Under the agreement, CRI will advise Flying Crane, which intends to construct 10 additional dairy farms to house 10,000 dairy cows at each facility in order to increase its milk processing capacity to a goal of 5,000 tons per day.
Nice! That’s what the world needs now–ten more gigantic dairy feedlots. Way to use that Wisconsin ingenuity to export industrial dairy production to a country with no dairy tradition!
• Finally, Meat Wagon takes a detour from the bleaker regions of industrial agriculture and lurches down the uncharted path toward hope. Rep. Louise Slaughter (D.-New York) has formally petitioned the GAO to review how the federal government tracks antibiotic use on factory farms.
This is potentially a huge deal. Animals that live crammed together over their own waste tend to see their immune systems flag and become vulnerable to disease. Today’s CAFOs rely on steady doses of antibiotics just to keep animals alive. Moreover, scientists discovered a generation or so ago that regular doses of antibiotics make animals grow faster–a key consideration for livestock farmers facing chronically low prices for their goods.
The problem is obvious: where antibiotics are used routinely, antibiotic-resistant “superbugs” thrive.
As it stands now, information on factory-animal farm antibiotic use is maddeningly opaque. A tangle of agencies–the FDA, CDC, and USDA–ostensibly monitor the topic; but none has direct responsibility for measuring and reporting it. As a result, no one has more than the vaguest estimate of overall use.
A couple of years ago, the Union of Concerned Scientists stepped into the void and ventured a guess. Extrapolating from raw data, the group estimated that as much as 70 percent of antibiotics used in the U.S. go into animal factories. The meat industry shrieked in protest, rushing out a rival study with a much lower number.
Meanwhile, the federal agencies kept quiet–and evidence of links between antibiotic-dependent CAFOs and antibiotic-resistant pathogens (MRSA and salmonella) has mounted.
As Slaughter’s letter points out, the GAO has chastised the federal government for its failure to track antibiotics before. Writes Slaughter:
[I]n a 2005 report entitled Antibiotic Resistance: Federal Agencies Need to Better Focus Efforts to Address Risk to Humans from Antibiotic Use in Animals, GAO found that data were not being collected on the types and amounts of antibiotics used in different species of food animals or whether they were used to promote growth, prevent disease, or treat disease.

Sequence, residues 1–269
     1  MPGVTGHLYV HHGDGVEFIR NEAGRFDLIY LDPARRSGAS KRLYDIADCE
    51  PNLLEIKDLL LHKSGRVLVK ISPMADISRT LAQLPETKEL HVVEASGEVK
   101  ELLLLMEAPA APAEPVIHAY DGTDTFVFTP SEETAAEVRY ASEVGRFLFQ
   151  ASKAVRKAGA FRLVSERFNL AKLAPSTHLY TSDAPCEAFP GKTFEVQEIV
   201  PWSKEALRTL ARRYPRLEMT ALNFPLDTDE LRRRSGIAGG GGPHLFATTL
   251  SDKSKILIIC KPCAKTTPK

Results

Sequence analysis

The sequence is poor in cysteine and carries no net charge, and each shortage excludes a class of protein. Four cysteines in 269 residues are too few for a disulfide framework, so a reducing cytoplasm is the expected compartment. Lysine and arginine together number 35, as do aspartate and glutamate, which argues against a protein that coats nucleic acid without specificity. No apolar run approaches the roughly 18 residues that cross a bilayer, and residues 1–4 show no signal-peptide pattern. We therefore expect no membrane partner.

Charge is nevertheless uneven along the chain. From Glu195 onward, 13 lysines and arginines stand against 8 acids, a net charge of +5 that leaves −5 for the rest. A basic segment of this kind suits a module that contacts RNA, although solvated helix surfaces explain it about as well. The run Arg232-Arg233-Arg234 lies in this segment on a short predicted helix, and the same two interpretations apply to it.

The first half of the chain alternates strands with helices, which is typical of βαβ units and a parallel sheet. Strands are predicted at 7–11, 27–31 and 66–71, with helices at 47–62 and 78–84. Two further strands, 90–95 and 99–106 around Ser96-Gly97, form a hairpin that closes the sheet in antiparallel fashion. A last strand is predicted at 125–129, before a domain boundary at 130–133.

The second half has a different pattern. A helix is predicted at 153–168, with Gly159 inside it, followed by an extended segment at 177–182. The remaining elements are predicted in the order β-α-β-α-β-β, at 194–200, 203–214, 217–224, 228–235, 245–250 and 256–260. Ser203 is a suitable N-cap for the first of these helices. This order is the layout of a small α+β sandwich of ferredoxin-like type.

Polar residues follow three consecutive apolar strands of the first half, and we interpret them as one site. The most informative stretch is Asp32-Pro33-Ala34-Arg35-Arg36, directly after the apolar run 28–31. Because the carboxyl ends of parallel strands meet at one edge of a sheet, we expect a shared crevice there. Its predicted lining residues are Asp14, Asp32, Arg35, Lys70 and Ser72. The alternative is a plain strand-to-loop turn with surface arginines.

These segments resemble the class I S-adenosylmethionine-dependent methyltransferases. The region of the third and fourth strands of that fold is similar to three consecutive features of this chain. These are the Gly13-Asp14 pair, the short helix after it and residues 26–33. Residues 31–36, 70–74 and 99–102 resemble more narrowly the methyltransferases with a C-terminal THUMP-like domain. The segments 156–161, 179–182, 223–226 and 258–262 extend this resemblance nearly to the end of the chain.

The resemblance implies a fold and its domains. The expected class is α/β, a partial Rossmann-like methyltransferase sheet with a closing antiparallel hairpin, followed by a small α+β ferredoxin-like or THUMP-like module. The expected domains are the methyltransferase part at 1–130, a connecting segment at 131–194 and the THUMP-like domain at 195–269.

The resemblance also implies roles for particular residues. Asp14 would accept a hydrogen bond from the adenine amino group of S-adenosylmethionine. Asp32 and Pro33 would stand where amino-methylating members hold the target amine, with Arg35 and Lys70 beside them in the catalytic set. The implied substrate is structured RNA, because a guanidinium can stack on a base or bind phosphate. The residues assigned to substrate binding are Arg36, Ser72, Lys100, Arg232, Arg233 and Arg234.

So now, Slaughter is demanding followup. Any progress since 2005? If not, why not–and when?
Slaughter is also sponsoring an important bill called HR 1549, which would ban routine use of antibiotics on farms. Predictably, the meat industry is using all its lobbying might to fight it.
Of course, the federal government’s know-nothing response to antibiotic levels plays to the industry’s interests. It’s difficult to address a problem when your unclear as to it scope. For a solid understanding of why we need to know how much antibiotics are being guzzled by CAFOs–and why we need to stop their routine use as livestock feed supplements–see the fantastic article “Farmocology” in a recent issue of Johns Hopkins Magazine.
Here’s a sample:
The United States Department of Agriculture (USDA) estimates that livestock and poultry produce 335 million tons of manure per year, which is one way [antibiotic-]resistant pathogens get out of animals and into the environment. That’s 40 times as much fecal waste as humans produce annually. Farms use it for fertilizer and collect it in sheds and manure lagoons, but those containment measures do not prevent infectious microbes from getting into the air, soil, and water. They can be transported off the farms by the animals themselves, houseflies, farm trucks, and farm workers, and by spreading manure on other fields. Out in the environment, they form a sort of bank of genetic material that enables the spread of [antibiotic] resistance.